Overflow Buffering— some of the more sophisticated hackers actually get into your customer data from online submission forms. The hacker goes to your form and then submits a lot of data into each of the form fields. The hacker actually submits code in your form that is designed to steal data from your database. You need IT that monitors your network and website and prevents traffic from getting into your databases—using unified threat management technology—that identifies and stops attacks before they can even attempt to get in.
Password Hacking— because many businesses fail to change passwords (especially default passwords on routers) or keep simple or shared passwords to admin access to your network, hackers often will not have to try very hard to break through your systems. For a review on creating passwords, see a recent post. Businesses need IT that identifies password vulnerabilities, lock down admin credentials and institutes a strict password policy to ensure your (and your client) data is constantly secure.
Downloading Free Software—more often than not, team members download software riddled with viruses that may shut down your entire network. Whether looking for freeware or a plugin for Excel, the free download route leave room for malware, viruses or “buggy software” to plague your system—leading to ransomed data or stolen data. When it comes to your business, there’s no free lunch. Period. If you expect to run your operations on free software, realize that there may be hidden costs. When it comes to free downloadable software, that risk is likely malicious and more costly than you’d ever imagine. Remember: software comes at a cost for a reason—you have guaranteed supported software after tens to hundreds of hours of testing from computer programming teams. Anything free will come with no guarantee. Good IT Support will limit or prevent users from freely downloading anything from the web, especially if a website is not trusted (i.e., unsecure sites, websites hosted in locations notorious for cyberattacks).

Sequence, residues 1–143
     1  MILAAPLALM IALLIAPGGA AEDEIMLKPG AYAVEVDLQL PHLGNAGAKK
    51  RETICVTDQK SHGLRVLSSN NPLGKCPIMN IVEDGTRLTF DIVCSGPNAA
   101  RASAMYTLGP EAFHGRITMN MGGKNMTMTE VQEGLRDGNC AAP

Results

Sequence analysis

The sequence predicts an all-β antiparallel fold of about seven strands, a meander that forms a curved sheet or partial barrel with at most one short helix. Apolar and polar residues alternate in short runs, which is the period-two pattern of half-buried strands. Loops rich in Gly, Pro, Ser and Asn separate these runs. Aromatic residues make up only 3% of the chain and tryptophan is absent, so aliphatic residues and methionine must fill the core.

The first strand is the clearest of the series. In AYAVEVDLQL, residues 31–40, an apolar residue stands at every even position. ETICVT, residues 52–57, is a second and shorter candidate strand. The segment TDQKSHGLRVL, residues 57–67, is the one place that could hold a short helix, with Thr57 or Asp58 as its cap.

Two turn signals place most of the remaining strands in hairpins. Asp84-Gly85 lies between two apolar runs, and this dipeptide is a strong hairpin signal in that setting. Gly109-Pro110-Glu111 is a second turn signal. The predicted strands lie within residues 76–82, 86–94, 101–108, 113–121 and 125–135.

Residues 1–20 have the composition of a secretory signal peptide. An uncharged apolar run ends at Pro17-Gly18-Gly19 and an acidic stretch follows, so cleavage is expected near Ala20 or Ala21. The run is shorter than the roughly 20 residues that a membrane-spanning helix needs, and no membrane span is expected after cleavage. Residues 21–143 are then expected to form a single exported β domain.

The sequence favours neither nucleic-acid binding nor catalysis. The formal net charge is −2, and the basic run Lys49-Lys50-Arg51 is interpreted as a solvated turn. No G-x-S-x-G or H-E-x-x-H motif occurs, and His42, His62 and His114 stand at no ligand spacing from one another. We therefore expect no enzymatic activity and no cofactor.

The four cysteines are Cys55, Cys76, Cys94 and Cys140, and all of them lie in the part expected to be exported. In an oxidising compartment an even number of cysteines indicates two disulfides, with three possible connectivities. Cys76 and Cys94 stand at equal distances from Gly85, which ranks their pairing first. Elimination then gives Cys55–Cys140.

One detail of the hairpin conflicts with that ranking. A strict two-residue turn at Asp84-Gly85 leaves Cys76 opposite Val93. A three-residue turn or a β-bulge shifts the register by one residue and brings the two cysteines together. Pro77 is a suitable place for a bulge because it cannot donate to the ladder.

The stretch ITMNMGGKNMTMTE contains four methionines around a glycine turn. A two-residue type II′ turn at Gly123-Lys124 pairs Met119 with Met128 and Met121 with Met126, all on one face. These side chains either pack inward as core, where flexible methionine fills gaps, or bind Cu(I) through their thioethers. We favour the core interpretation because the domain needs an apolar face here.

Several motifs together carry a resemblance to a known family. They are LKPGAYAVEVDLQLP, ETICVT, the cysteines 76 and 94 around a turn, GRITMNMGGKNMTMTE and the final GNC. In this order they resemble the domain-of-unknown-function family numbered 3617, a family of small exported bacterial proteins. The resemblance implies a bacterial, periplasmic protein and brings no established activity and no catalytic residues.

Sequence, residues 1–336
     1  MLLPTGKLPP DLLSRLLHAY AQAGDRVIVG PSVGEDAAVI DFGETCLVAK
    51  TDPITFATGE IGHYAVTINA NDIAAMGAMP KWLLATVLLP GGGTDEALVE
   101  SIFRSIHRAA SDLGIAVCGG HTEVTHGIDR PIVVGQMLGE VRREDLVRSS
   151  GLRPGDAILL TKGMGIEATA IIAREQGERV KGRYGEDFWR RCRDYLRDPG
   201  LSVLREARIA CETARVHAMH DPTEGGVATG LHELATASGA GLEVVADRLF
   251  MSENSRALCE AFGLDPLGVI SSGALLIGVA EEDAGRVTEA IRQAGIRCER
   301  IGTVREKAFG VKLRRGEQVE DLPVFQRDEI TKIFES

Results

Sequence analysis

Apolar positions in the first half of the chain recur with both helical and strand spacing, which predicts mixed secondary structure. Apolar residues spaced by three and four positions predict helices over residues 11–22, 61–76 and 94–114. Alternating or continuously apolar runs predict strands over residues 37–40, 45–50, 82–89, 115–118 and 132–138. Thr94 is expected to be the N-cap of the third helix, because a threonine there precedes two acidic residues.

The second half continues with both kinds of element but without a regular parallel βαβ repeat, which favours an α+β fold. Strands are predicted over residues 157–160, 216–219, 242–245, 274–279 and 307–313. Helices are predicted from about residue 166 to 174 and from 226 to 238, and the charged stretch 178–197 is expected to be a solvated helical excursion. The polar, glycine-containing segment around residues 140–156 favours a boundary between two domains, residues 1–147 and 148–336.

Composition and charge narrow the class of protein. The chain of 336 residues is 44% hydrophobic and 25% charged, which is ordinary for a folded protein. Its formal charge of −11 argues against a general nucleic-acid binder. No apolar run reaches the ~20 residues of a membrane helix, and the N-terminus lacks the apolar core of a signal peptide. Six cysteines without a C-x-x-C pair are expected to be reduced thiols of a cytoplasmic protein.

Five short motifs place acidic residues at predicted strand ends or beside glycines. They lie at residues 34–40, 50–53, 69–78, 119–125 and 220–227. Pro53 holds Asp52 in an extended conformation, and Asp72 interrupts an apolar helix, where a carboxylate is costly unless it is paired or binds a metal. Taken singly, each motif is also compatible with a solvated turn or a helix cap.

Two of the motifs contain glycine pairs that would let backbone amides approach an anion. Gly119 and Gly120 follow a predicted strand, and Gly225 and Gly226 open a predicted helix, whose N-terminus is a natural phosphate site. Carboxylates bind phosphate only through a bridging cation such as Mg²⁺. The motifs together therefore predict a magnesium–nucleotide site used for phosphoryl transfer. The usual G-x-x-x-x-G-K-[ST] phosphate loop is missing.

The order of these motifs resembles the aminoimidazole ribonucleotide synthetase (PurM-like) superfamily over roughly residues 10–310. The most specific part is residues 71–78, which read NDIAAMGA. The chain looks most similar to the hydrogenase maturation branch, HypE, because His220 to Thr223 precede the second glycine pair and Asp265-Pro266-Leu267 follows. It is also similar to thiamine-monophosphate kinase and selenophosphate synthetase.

Fault Injections— one of the most complicated hacks, a fault injection requires the criminal to research ways into your source code. They essentially inject code into your website or database to see if they can crash your system. Website code injections are quite common—the code injection often does little to effect the actual site, but delivers a worm or vector to users when they visit your site. Many web hosting companies will actually remove your website when this happens (and often with little or no warning!). Good IT Support will test your site for code injections before they become major problems.
Note: each of these tactics is currently being used on American businesses—large and small! No matter your vertical, you can’t simply keep thinking that nothing will ever happen to you. Very least, letting hackers have the opportunity to get into your network (or into your poorly maintained website) will lead to clients’ data by your negligence. The average attack costs businesses $300,000!
Is your business secure from cyber-criminals—their growing community and more sophisticated methods of attack? If a criminal crashed your system, is your data at least backed up? If you’re concerned about not having adequate IT support that protects your data, contact us TODAY for a free network assessment!